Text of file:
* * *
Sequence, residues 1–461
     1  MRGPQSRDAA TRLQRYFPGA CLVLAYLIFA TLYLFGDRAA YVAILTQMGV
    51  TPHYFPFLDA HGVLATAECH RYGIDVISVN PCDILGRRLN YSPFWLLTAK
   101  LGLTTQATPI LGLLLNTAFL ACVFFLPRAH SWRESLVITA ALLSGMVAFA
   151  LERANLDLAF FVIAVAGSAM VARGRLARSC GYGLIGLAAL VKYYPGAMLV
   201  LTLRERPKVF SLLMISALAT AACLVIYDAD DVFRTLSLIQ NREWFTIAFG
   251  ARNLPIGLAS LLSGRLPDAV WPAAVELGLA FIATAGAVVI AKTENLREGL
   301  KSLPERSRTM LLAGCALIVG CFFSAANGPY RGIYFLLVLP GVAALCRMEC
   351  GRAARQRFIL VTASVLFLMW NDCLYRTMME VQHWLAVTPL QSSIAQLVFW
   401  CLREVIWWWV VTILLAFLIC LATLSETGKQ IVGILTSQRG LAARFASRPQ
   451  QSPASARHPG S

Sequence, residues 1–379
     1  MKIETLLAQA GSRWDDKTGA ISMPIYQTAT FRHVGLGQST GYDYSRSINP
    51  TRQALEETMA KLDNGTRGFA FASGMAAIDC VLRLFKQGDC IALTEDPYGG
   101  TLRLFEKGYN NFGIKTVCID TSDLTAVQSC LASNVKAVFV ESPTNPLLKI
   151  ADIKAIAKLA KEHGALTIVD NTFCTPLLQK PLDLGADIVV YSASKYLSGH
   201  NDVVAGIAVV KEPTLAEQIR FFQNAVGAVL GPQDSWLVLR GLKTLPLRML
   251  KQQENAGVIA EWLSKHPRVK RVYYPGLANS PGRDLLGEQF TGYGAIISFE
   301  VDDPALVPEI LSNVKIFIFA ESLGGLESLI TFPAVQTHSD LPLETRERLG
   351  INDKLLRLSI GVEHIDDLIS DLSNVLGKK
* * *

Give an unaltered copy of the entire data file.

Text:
Sequence, residues 1–461
     1  MRGPQSRDAA TRLQRYFPGA CLVLAYLIFA TLYLFGDRAA YVAILTQMGV
    51  TPHYFPFLDA HGVLATAECH RYGIDVISVN PCDILGRRLN YSPFWLLTAK
   101  LGLTTQATPI LGLLLNTAFL ACVFFLPRAH SWRESLVITA ALLSGMVAFA
   151  LERANLDLAF FVIAVAGSAM VARGRLARSC GYGLIGLAAL VKYYPGAMLV
   201  LTLRERPKVF SLLMISALAT AACLVIYDAD DVFRTLSLIQ NREWFTIAFG
   251  ARNLPIGLAS LLSGRLPDAV WPAAVELGLA FIATAGAVVI AKTENLREGL
   301  KSLPERSRTM LLAGCALIVG CFFSAANGPY RGIYFLLVLP GVAALCRMEC
   351  GRAARQRFIL VTASVLFLMW NDCLYRTMME VQHWLAVTPL QSSIAQLVFW
   401  CLREVIWWWV VTILLAFLIC LATLSETGKQ IVGILTSQRG LAARFASRPQ
   451  QSPASARHPG S

Sequence, residues 1–379
     1  MKIETLLAQA GSRWDDKTGA ISMPIYQTAT FRHVGLGQST GYDYSRSINP
    51  TRQALEETMA KLDNGTRGFA FASGMAAIDC VLRLFKQGDC IALTEDPYGG
   101  TLRLFEKGYN NFGIKTVCID TSDLTAVQSC LASNVKAVFV ESPTNPLLKI
   151  ADIKAIAKLA KEHGALTIVD NTFCTPLLQK PLDLGADIVV YSASKYLSGH
   201  NDVVAGIAVV KEPTLAEQIR FFQNAVGAVL GPQDSWLVLR GLKTLPLRML
   251  KQQENAGVIA EWLSKHPRVK RVYYPGLANS PGRDLLGEQF TGYGAIISFE
   301  VDDPALVPEI LSNVKIFIFA ESLGGLESLI TFPAVQTHSD LPLETRERLG
   351  INDKLLRLSI GVEHIDDLIS DLSNVLGKK